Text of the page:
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Hot Topic: Thermosensing in Plants
  • +2
  • Scott Hayes,
  • Joëlle Schachtschabel,
  • Michael Mishkind,
  • Teun Munnik,
  • Steven Arisz
Scott Hayes
Wageningen University & Research
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Joëlle Schachtschabel
University of Amsterdam
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Michael Mishkind
National Science Foundation Directorate for Biological Sciences
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Teun Munnik
Swammerdam Institute for Life Sciences
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Steven Arisz
University of Amsterdam
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Abstract

Plants alter their morphology and cellular homeostasis to promote resilience under a variety of heat regimes. Molecular processes that underlie these responses have been intensively studied and found to encompass diverse mechanisms operating across a broad range of cellular components, timescales and temperatures. This review explores recent progress throughout this landscape with a particular focus on thermosensing in plants. Direct temperature sensors include the photosensors phytochrome B and phototropin, the clock component ELF3 and an RNA switch. In addition, there are heat-regulated processes mediated by ion channels, lipids and lipid-modifying enzymes taking place at the plasma membrane and the chloroplast. In some cases the mechanism of temperature perception is well understood but in others this remains an open question. Potential novel thermosensing mechanisms are based on lipid and liquid phase separation. Finally, future research directions of high temperature perception and signalling pathways are discussed.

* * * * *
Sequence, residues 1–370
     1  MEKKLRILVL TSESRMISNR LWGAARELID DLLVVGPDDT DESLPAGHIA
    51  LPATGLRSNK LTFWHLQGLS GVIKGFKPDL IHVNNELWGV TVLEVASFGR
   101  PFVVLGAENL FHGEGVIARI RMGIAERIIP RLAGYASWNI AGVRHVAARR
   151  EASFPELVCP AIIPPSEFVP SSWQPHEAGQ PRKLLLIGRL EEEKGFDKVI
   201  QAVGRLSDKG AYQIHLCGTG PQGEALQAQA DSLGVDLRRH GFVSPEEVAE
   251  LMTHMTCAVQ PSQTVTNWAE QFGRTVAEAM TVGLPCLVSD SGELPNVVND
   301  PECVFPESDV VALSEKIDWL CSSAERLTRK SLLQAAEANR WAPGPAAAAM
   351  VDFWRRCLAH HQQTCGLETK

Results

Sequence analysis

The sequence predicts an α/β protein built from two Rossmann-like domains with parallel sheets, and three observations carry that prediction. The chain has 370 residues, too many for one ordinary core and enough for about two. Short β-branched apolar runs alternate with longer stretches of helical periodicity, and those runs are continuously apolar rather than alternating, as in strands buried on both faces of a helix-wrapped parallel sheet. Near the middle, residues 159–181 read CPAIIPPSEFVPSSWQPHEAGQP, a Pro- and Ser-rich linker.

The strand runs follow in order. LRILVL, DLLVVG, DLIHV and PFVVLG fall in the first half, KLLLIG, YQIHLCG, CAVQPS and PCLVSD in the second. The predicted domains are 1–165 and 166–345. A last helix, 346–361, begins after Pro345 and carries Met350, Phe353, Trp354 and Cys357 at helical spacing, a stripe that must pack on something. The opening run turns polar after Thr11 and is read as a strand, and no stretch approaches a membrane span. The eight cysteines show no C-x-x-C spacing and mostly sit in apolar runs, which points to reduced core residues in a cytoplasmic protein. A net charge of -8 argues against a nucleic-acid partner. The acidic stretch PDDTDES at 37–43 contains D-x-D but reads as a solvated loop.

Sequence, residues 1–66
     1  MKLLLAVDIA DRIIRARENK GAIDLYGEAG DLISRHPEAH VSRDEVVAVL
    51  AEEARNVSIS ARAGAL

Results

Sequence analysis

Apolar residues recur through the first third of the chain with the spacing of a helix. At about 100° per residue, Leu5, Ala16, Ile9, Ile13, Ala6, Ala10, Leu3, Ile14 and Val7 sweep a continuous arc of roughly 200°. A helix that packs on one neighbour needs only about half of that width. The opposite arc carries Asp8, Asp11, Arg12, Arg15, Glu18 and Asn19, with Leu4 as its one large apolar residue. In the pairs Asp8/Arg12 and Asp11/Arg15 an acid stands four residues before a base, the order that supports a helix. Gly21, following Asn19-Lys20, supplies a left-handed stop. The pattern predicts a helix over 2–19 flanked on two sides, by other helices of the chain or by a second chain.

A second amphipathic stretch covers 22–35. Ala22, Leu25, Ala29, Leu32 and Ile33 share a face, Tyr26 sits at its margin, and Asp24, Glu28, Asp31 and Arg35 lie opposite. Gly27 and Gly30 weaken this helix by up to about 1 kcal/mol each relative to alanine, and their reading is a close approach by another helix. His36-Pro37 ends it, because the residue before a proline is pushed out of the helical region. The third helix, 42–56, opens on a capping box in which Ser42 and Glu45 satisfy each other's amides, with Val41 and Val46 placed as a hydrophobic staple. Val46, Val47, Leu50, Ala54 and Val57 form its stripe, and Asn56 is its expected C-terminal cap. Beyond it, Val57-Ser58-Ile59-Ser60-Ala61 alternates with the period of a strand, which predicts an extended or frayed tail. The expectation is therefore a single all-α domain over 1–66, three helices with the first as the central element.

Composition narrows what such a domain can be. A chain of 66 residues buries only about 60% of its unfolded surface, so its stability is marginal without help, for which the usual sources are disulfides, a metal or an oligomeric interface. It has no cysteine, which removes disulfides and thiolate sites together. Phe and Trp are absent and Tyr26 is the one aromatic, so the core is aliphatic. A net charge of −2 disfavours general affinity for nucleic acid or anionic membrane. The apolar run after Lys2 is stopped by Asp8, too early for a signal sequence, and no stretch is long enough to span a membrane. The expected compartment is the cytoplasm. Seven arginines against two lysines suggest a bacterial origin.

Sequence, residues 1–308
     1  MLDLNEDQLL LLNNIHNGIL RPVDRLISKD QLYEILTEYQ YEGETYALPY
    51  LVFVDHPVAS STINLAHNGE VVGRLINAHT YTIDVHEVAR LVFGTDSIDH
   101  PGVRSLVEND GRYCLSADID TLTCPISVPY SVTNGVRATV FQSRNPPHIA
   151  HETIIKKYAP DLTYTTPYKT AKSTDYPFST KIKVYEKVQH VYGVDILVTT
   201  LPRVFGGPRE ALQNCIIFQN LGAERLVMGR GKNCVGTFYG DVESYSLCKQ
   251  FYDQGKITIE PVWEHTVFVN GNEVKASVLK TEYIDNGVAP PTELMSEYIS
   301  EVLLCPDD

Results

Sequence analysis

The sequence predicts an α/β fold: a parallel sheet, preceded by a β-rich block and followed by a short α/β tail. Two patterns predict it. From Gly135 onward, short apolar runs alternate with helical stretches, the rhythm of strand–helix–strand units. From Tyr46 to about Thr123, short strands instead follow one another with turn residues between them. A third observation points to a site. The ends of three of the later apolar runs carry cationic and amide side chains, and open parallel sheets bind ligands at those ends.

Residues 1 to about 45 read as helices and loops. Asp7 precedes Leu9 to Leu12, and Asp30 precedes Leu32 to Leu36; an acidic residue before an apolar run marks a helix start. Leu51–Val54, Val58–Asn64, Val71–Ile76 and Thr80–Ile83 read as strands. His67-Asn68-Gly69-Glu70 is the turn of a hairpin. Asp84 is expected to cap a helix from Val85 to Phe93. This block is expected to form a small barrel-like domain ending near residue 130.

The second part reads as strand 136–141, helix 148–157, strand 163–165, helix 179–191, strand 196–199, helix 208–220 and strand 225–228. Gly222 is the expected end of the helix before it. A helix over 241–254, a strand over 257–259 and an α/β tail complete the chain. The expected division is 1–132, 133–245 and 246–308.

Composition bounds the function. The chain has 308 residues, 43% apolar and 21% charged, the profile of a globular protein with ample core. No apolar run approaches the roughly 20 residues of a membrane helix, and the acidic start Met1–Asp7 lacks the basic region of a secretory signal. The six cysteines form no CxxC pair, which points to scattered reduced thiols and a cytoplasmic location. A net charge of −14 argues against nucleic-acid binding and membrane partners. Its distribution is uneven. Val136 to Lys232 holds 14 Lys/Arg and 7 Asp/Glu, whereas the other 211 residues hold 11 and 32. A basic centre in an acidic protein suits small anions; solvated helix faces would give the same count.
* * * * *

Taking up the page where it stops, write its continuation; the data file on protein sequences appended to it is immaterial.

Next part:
Peer review status:UNDER REVIEW

04 Sep 2020Submitted to Plant, Cell & Environment
05 Sep 2020Assigned to Editor
05 Sep 2020Submission Checks Completed
19 Sep 2020Reviewer(s) Assigned